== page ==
Watching the traffic on Tewksbury Street in Ballardvale is a little like watching a NASCAR race: It’s an accident waiting to happen.
An elderly man jogging along the edge of the asphalt one morning last week forced one car to pull over the double-yellow line into the oncoming lane of traffic — while on a hill.
A woman in a minivan, slowing to a safe speed of 30 mph, was tailgated and honked at by someone driving a Subaru station wagon who was obviously in a rush.
Delivery trucks of all shapes and sizes hurtled down the road, headed from Ballardvale center toward Tewksbury. Other trucks, some loaded with huge logs and others towing landscaping trailers, went the opposite direction.
During a two-hour stretch last Thursday morning, a reporter and photographer for The Andover Townsman stood at the end of the driveway at 93 Tewksbury St., watching firsthand as trucks, cars, joggers, dog-walkers, children, school buses and bicyclists tried to share the 18- to 20-foot wide road.
It wasn’t pretty.
Residents of the roughly 1-mile stretch of road between Ballardvale center and the Tewsksbury town line say life has become unbearably hazardous.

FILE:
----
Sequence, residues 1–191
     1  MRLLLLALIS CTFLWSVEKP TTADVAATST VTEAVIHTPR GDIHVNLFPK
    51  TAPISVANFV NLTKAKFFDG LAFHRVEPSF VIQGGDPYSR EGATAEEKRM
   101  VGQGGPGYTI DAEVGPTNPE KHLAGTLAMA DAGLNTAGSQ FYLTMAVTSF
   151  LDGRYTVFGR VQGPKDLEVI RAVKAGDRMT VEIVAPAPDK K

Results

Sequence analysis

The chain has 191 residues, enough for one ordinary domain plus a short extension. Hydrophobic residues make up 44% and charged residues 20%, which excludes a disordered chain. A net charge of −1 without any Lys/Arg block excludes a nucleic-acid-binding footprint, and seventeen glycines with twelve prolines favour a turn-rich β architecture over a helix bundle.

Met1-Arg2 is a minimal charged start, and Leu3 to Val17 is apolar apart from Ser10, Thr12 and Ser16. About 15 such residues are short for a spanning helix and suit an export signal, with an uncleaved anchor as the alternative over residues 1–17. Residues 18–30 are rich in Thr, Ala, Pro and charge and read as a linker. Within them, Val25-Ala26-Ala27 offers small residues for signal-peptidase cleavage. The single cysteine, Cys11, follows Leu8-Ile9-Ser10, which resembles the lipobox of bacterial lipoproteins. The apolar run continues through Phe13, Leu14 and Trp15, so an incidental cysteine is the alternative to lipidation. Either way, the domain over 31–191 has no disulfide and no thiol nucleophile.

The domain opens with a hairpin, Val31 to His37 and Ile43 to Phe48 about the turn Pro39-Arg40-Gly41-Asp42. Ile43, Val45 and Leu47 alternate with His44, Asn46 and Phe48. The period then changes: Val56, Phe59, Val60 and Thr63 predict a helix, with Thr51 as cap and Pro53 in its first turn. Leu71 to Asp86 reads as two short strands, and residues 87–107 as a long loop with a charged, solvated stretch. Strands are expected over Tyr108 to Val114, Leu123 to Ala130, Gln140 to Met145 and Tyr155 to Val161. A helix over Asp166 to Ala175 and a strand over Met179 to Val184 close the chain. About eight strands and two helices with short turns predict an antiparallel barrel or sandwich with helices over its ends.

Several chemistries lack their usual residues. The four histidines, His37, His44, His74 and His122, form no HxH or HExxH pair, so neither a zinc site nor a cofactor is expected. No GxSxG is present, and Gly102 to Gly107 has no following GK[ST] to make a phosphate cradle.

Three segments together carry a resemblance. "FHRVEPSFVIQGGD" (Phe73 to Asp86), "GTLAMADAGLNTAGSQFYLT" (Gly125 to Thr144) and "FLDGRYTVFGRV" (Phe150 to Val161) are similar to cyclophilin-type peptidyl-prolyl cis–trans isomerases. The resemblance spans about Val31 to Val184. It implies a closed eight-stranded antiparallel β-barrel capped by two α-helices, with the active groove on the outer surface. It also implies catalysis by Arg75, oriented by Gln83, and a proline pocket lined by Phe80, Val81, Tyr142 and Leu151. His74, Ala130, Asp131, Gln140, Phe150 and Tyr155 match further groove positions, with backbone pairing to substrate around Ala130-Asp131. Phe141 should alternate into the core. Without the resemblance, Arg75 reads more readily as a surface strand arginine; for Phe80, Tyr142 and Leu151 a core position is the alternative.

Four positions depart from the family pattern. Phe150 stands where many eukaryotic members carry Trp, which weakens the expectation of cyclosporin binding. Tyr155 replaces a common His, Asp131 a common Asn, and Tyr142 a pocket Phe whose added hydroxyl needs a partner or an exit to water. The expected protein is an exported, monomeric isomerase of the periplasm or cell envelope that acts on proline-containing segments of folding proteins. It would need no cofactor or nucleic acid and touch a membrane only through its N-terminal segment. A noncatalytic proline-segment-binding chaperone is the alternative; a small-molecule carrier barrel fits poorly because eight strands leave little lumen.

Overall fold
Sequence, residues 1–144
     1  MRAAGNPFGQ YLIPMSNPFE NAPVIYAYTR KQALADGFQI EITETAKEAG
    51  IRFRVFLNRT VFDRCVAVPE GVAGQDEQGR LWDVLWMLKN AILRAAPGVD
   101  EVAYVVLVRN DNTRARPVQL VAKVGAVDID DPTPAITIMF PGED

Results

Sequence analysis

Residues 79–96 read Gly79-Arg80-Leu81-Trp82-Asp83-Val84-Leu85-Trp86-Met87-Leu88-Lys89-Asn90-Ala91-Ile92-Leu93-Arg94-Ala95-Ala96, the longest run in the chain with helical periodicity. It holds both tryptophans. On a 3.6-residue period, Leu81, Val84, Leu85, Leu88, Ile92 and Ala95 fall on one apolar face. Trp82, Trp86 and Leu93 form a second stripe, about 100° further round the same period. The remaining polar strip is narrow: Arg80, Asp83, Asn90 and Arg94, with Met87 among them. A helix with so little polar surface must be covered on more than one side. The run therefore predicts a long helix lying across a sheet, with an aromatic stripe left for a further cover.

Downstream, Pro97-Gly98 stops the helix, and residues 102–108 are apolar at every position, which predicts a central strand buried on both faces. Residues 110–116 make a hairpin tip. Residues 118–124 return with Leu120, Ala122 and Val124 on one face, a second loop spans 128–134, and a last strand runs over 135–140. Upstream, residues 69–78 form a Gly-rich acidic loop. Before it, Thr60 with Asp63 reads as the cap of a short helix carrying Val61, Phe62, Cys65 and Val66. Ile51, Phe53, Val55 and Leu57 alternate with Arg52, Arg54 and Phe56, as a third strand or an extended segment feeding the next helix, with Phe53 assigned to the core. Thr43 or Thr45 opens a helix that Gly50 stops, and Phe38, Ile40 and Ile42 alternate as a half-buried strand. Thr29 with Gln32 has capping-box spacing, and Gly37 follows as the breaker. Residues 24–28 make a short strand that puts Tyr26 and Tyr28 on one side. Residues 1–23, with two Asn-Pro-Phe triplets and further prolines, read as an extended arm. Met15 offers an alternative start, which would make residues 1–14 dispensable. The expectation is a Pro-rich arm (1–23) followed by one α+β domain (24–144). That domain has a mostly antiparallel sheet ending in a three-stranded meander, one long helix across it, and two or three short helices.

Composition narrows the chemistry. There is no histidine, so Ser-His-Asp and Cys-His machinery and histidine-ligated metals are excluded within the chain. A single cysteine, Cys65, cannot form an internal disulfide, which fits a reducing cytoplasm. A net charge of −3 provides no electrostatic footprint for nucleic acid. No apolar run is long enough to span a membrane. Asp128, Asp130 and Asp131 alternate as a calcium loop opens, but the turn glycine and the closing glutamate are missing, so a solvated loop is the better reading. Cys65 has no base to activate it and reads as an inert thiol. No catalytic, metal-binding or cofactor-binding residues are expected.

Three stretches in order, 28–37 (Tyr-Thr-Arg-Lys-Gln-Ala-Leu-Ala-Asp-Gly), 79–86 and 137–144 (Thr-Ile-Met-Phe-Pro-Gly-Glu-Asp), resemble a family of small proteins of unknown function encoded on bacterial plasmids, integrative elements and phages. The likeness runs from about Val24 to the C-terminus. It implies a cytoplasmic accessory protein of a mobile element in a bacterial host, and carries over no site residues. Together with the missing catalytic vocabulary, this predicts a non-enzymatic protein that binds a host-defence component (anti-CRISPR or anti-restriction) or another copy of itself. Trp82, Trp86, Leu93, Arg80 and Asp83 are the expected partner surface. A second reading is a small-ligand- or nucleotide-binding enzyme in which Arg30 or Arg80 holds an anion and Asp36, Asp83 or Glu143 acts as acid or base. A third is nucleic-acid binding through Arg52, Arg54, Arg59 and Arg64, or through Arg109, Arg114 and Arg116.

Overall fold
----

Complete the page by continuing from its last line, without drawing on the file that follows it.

Over the last decade, neighbors say they have pleaded with town officials to do something, anything, about the road — to no avail.
”We’ve been working on this for 11 or 12 years,” Dianne DeLucia of 86 Tewksbury St. said
Finally, in April, DeLucia and a dozen neighbors penned a letter to town officials highlighting the dangers of the busy thoroughfare.
According to the letter, trucks that are too large and too heavy are fracturing the asphalt. Storm drains are depressed by the constant beating of 18-wheelers. A water main recently broke. When two cars are passing, the letter said, there is no room for pedestrians.
”On more than one occasion, people have come within mere inches of being hit by speeding vehicles,” they wrote. “Families do not allow their children to walk to the ice cream shop in Ballardvale during the summer months for fear of them being hit.”